DHS Secretary Chertoff on REAL ID's "COUNTLESS OTHER" USES.


Thursday, June 28, 2007

Flashback: The Immigration Bill & Tom Ridge's Double-Speak (September 7, 2004)

Remarks for Secretary Tom Ridge at National Press Club (September 7, 2004)

On the day the Immigration Bill dies, I thought it interesting to look back a few years to see the plans for bad ideas like REAL ID.

Remember when Tom Ridge was the Secretary of DHS?

He made the following remarks concerning a national id card. Knowing that REAL ID was passed later in May of 2005--and how it was plugged in to the just-dead immigration bill, read the comments with an eye for double-speak:

Secretary Ridge: Our mission is to preserve our freedoms while we secure our homeland. I mean, that's basically the primary mission of the Department of Homeland Security and the goal and the intent of this country. We will not sacrifice those liberties and freedoms.

And within our department, Congress very appropriately set up a, within our department, a privacy office and a civil liberties office, and every single day as an administration and every single day as the Secretary of the Department of Homeland Security, before we walk down any path, any new initiative, we take a look at the possible impact on any of the liberties and freedoms that we enjoy, and we will not sacrifice those liberties in the effort to combat terrorism.
When we start making those concessions to combat terrorism, the terrorists begin to win, and we cannot afford them to have any kind of victory whatsoever.

...One of the areas that I am-- that I see and sense and feel that great progress has been made is the acceptance by most of our colleagues, most of the countries around the rest of the world, that there is a collective approach, a universal approach will be the best to secure safety of not just U.S. citizens, but their citizens, as well. That's why we're working more closely than we've ever worked together before on authenticating documents, verifying identities. Every single day brings the world closer to accepting biometric standards to help us make sure that the people and goods that flow across our borders are safe and secure so we can keep the terrorists and their weapons out.

Ms. Cherry: Do we need a national ID card and should it include biometrics?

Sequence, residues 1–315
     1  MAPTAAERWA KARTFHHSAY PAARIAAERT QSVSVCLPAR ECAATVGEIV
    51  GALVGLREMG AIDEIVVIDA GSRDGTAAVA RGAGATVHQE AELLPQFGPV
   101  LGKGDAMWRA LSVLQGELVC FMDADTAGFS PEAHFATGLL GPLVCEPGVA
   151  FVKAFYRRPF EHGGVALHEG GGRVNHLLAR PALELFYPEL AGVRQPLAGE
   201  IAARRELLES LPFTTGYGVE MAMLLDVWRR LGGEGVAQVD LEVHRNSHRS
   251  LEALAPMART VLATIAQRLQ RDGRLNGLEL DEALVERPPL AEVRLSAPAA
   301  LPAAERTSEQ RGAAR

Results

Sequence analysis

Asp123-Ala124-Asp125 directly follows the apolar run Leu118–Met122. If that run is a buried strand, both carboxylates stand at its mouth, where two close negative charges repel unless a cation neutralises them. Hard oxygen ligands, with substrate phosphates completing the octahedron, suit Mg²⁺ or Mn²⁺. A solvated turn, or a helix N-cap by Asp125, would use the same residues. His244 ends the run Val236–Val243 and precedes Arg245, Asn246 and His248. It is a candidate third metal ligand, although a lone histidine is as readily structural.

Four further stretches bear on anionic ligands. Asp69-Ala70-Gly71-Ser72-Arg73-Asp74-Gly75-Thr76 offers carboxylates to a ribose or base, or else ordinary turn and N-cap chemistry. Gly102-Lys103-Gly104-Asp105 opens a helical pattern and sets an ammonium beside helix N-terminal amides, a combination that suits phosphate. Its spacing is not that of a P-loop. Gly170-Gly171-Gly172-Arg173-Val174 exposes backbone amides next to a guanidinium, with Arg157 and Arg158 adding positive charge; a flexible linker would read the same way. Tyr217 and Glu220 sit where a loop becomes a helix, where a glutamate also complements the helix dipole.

Secretary Ridge: The legislation that created the department specifically prohibited a national ID card, but I must tell you that there are areas where identification, and cards including biometrics, are needed and part of our mission in homeland security to get done.

We are obliged to come up with transportation worker identification cards. We literally have hundreds of thousands of people who not only have access to potential points of vulnerability, but are driving trucks with hazardous material and the like. We're in the process of doing that.

One of the things we're looking we are doing, looking at within the administration is a set of basic requirements for federal employees and contractors that work here. We're in discussion with the National Governors' Association to see if we can come to some agreement where at least on the driver's license there is an agreement among and this is tough to do. It's a federal system. You don't mandate this, and it's a challenge we have. But the National Governors' Association wanted to take it on.

Are there certain pieces of information that all states would require to be included as part of their driver's license? Because that is the most commonly referred to piece of identification that people are more often than not inclined to use.

So no national ID, but what we have an opportunity to use biometrics, and particularly to identify people who have access to certain areas nuclear power plants and airports and the like, or the driver's license we're working toward a little more regularity and a certain standard that we would be able to use across the board.


1. No National Id Card.
2. We need biometrics.
3. As a "standard that we would be able to use across the board"

The planned uses of REAL ID were expanded to include bank accounts and the ability to work in this country. Yep. That's freedom.

Go here to read why REAL ID is indeed a national id card.

Go here to flashback to former Secretary Ridge's full comments cited above.

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